The Senate Judiciary Committee chairman wants the Justice Department to break its near-silence about the new laws legalizing marijuana in Washington state and Colorado.
Sen. Patrick Leahy (D-Vt.) will hold a hearing next month to get more information on how the administration plans to handle the new pot laws, which have already partially gone into effect in Washington and Colorado. Voters approved the ballot measures in November, roiling federal law enforcement and setting off celebrations by marijuana legalization advocates. The measures legalize the personal use of up to one ounce of marijuana and the creation of an industry to handle its sale and distribution.
The Justice Department has not offered guidance to state law enforcers, who have asked how they can avoid showdowns between state and federal authorities. Marijuana remains illegal under federal law, and the Justice Department maintains authority to arrest those found in possession or production. The issue came to a head this year, as U.S. Attorneys in California cracked down on medical marijuana dispensaries. Critics said the crackdowns betrayed a previous promise of benevolence from the administration.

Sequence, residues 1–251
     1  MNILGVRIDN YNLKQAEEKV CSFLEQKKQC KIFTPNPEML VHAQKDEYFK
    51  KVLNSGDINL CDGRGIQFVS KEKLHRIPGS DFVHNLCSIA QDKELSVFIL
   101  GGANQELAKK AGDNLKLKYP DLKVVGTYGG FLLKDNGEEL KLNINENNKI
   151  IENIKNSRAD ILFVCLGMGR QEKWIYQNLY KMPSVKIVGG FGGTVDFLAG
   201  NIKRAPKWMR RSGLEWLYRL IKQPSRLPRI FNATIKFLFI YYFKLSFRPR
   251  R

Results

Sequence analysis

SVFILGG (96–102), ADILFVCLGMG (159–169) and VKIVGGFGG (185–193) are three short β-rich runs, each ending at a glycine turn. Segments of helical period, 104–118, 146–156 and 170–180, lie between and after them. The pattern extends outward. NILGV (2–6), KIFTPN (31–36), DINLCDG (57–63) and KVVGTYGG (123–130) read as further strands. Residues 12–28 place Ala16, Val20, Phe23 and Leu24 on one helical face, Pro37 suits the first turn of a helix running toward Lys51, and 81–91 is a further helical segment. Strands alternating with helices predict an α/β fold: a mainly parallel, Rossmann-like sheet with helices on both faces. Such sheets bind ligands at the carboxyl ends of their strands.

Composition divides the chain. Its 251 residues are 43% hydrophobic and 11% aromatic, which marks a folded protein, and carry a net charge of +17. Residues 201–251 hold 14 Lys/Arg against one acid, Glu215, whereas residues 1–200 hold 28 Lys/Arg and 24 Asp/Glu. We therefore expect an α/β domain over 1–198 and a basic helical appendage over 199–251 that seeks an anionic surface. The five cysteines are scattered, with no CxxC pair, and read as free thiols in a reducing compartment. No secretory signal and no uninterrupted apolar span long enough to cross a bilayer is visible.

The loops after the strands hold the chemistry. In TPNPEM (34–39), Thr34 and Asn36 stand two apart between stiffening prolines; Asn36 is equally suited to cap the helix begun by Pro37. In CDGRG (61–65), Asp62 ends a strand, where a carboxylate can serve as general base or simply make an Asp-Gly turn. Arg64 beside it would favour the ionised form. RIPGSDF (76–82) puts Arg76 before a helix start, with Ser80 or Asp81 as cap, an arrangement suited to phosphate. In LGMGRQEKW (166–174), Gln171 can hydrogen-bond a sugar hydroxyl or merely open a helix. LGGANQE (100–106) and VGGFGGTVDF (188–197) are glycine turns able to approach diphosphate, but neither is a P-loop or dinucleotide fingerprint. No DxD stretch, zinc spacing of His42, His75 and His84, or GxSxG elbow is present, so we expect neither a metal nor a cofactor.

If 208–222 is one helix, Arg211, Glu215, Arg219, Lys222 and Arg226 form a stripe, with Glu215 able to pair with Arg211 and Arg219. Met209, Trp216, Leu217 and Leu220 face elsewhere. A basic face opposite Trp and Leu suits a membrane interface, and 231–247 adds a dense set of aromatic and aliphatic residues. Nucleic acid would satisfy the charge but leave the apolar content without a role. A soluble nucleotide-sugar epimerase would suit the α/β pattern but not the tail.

Leahy also on Thursday released a letter to R. Gil Kerlikowske, the director of the White House’s Office of National Drug Control Policy, asking for more information on how the administration plans to handle the new laws.
“What assurance can and will the administration give to state officials involved in the licensing of marijuana retailers that they will not face federal criminal penalties for carrying out duties assigned to them under state law?” Leahy wrote.
Congress could resolve the difference between federal and state law with regard to marijuana legalization by amending the Controlled Substances Act to allow possession of up to one ounce of marijuana, “at least in jurisdictions where it is legal under state law,” he wrote.
Last week, Seattle U.S. Attorney Jenny Durkan released a brief statement on the eve of the marijuana law’s enactment, reiterating the federal government’s stance on the drug. Colorado U.S. Attorney John Walsh released a nearly identical statement, as well.